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Users who have difficulty concentrating

Establishing that a learner has difficulty in concentrating is not difficult. Suggesting strategies to help depends on the context that produces the difficulty. In this section we explore some of the possible issues and contexts that may cause difficulty with links to some advice. This resource is not complete, there is a lot of work to do and we will add to it as our knowledge expands. If you feel you have advice or contacts who might be interested in contributing to this process, or have experience of using technology to help, please let us know at helpdesk@techdis.ac.uk.

The phrase “users who have difficulties concentrating” can cover a variety of conditions such as attention-deficit hyperactivity disorder and specific learning difficulties. Since the range of conditions is so wide, the range of appropriate and reasonable adjustments is also very wide.  Some learner needs will be accommodated with very few adjustments, other learners will need considerably more.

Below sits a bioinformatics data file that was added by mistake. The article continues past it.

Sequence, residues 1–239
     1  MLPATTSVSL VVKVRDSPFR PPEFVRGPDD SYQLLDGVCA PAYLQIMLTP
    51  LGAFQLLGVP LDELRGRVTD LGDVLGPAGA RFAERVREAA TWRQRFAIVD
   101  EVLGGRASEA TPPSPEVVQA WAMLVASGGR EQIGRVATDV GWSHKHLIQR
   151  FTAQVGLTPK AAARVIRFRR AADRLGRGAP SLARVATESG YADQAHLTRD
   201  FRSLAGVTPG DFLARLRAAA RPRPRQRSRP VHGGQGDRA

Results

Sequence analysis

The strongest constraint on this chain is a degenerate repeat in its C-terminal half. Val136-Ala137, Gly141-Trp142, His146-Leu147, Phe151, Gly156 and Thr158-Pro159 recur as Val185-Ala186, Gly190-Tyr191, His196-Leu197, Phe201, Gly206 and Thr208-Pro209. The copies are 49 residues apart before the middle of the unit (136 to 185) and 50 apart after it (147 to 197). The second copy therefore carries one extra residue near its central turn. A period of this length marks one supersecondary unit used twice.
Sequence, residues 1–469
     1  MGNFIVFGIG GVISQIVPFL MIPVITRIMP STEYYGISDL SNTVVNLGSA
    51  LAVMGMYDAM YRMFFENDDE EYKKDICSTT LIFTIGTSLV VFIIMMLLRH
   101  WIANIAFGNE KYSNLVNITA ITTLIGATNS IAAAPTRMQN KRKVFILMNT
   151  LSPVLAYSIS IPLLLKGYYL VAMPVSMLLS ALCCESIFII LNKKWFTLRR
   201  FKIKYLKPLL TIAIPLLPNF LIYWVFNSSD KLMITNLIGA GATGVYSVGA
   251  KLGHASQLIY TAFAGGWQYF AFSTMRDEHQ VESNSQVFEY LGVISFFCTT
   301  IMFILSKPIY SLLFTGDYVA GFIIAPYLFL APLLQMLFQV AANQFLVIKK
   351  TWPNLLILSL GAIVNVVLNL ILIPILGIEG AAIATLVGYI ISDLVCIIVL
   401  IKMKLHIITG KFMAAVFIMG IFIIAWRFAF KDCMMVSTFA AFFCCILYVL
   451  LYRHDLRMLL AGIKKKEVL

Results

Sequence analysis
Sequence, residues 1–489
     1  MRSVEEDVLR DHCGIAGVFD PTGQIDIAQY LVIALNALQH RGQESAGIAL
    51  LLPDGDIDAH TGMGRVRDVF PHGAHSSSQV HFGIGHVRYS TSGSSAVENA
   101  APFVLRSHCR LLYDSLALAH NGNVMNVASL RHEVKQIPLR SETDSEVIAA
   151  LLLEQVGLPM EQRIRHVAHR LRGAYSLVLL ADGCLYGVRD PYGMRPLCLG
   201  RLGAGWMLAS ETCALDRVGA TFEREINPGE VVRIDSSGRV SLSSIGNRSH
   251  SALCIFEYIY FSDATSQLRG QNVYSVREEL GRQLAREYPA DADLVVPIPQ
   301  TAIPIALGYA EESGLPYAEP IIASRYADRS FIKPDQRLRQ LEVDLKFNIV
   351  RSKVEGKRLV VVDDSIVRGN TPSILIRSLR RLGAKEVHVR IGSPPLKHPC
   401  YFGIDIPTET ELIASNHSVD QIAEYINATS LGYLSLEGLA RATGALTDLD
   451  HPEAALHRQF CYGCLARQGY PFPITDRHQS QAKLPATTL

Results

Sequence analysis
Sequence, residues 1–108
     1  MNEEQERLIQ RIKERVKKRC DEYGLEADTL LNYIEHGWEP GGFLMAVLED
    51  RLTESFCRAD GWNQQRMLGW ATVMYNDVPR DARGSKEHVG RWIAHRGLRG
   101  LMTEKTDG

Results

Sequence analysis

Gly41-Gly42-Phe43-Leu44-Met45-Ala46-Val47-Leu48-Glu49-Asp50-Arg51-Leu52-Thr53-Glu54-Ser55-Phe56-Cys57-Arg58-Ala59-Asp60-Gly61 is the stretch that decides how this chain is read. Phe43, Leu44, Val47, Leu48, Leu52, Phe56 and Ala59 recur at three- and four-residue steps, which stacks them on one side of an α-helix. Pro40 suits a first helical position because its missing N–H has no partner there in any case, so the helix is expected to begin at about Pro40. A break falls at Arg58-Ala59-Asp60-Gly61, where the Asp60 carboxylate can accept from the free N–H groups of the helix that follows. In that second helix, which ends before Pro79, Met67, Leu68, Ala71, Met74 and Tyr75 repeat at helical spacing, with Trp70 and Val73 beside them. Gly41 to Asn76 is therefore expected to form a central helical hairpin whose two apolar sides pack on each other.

Among the most important outcomes of the following advice and guidance is the recognition that:

  • There is no single solution for accessibility.
  • The optimum "reasonable adjustment" may depend on the nature of the learner, the nature of the impairment, the nature of the resource, the learning objectives and the context of use.
  • The most time-consuming and expensive adjustments are not always the most effective.
  • Staff supporting learners often have a range of alternative adjustments they can make in discussion with the learner.

This guidance has been divided into several sections (as listed below), in each case moving from general points to more specific examples.